Despite the mild pullback to take away some of Thursday’s strong gains, this week managed to close firmly positive for both the SPX and DJIA for the fourth week of the last five.
Financials, Energy, Industrials, Discretionary gains helped to fuel breadth all week at a time when Technology has been under minor consolidation. Despite what has felt like a very choppy, sideways range in recent days and weeks, stocks are gaining strength internally which is a positive during this seasonally bullish month.
This past week saw commodities lift due to precious metals and energy, while base metals have begun to make some much needed progress.
Sentiment has slowly begun to turn a bit more positive from deeply pessimistic levels from mid-March. However, we’re not near an optimistic level by any means. It’s expected that a breakout above 4200 in the back half of April could get sentiment to bullish levels by end-of-month.
VIX has imploded in recent days as might have been expected with the lack of any unexpected events causing any real turmoil to US equities. While Europe remains quite a bit stronger than US equities, the breadth expansion in US equities which has been ignored by many has still resulted in SPX and QQQ having recaptured 50% of the prior decline from early 2022.
US Dollar breakdown along with Copper breakouts were some of this past week’s most memorable technical developments. Biotech has come to life to help Healthcare, while Gold and Silver remain bullish and have extended gains for most of this past week.
Leading sectors like Semiconductors and Transportation have been noticeable laggards lately. However, this sluggishness has had little to no real impact on broader indices.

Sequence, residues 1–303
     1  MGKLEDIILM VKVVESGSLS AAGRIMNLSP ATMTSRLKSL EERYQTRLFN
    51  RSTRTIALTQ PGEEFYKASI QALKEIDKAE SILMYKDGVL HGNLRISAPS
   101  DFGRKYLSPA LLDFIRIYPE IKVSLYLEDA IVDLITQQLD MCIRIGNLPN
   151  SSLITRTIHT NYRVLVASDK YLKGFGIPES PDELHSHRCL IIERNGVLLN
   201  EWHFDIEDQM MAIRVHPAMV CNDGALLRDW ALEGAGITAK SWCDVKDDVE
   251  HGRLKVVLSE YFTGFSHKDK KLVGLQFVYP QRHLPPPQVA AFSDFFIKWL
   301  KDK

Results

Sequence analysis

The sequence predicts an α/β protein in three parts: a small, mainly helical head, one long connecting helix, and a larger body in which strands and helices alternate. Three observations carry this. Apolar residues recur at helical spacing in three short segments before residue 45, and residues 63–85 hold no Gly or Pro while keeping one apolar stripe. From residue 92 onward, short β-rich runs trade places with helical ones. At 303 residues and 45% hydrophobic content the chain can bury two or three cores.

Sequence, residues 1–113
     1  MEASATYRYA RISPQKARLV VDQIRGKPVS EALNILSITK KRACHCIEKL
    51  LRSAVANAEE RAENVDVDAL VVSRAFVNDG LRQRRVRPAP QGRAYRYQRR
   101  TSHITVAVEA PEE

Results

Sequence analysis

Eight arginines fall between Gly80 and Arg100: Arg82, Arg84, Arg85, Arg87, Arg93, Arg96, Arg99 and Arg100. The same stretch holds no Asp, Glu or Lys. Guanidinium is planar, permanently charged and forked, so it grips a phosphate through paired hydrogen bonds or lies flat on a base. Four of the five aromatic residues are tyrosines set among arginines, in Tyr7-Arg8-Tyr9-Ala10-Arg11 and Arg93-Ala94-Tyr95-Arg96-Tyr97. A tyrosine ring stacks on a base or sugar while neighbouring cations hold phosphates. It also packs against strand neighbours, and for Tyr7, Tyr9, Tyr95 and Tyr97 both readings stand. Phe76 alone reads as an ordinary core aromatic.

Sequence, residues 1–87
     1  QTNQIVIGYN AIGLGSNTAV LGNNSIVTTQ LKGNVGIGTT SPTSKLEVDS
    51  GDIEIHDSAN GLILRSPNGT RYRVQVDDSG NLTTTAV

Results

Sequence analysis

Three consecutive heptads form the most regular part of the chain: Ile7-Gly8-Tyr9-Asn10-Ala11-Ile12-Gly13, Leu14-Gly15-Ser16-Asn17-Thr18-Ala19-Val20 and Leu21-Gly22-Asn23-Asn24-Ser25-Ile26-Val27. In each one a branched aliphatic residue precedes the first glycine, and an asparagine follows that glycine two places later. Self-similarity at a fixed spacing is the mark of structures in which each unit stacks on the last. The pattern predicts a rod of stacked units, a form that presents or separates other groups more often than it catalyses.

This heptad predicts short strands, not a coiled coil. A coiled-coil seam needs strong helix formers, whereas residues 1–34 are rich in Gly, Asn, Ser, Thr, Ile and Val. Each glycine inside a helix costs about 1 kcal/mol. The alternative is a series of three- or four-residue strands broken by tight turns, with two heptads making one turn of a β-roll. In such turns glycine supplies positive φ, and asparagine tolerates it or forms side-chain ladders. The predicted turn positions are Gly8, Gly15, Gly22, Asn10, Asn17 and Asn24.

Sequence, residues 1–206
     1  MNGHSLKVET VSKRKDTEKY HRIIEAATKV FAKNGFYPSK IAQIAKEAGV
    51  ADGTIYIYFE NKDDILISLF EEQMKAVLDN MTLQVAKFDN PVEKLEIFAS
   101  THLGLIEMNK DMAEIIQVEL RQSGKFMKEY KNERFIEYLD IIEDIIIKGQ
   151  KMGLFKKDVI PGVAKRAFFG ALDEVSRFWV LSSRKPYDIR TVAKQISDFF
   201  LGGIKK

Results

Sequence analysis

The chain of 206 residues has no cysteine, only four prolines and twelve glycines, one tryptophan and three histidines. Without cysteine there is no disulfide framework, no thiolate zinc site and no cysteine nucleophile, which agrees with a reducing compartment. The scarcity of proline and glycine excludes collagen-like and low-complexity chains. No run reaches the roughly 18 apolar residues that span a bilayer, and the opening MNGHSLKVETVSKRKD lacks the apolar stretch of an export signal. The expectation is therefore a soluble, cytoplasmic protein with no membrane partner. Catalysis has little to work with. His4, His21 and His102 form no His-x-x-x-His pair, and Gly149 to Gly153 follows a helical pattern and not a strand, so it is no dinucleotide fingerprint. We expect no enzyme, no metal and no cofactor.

Technology’s pullback has been thought to be negative by many market participants. However, as I noted earlier in the week, this has largely revolved around a few Large-Cap Technology names. Equal-weighted Technology, to its credit, managed to turn in gains of over +0.60% over the last five trading days.
Thus, Tech remains in good shape on an intermediate-term basis, and is healthier than what poor performance out of names like $INTC, $AMAT, $MSFT, $QCOM .might have made Technology seem.
When studying indices like Value Line Arithmetic/Geometric index, shown below, we see that when viewing 1700 names on an Equal-weighted basis, more progress needs to be made to have confidence. While Large-Cap Technology has certainly carried US Equity indices over the last three months, the broader market still has some work to do, in order to catch up.
Overall, I feel it’s technically likely that a further rally takes place into late April, but Value Line will need to recoup this prior uptrend that was broken. Despite April’s seasonally bullish bias, May has been seasonally one of the worst months during pre-election years. Keeping a close eye on market breadth and sentiment should prove important in the weeks to come.
Financials powering market this week with XLF outperforming all other 10 S&P SPDR ETF’s
The ability of Financials to stabilize and bounce on the Large-cap side in recent days is thought to be bullish for the broader market and a positive given that $XLF is the third largest sector in the SPX per market capitalization.
$JPM’s earnings helped to drive sharp gains to multi-day highs this week which is certainly a positive for this stock, technically speaking. Outside of JPM, other important Financial names like $C, $BAC, and $WFC all gained more than 5% this past week.
While Regional banks continue to underperform the broader Financials space, it looks like this sub-sector likely can stabilize and start to turn back higher in the weeks to come.
At present, it’s the larger-cap names which are showing performance and this remains the best part of Financials to position in the near-term. Stocks like JPM, C, BAC, WFC have been leaders in recent weeks ,and should be still overweighted within a sector which has lost intermediate-term appeal given its loss of momentum since the Regional banking crisis got underway.
VIX imploding to 18-month lows keeps US Stock indices bullish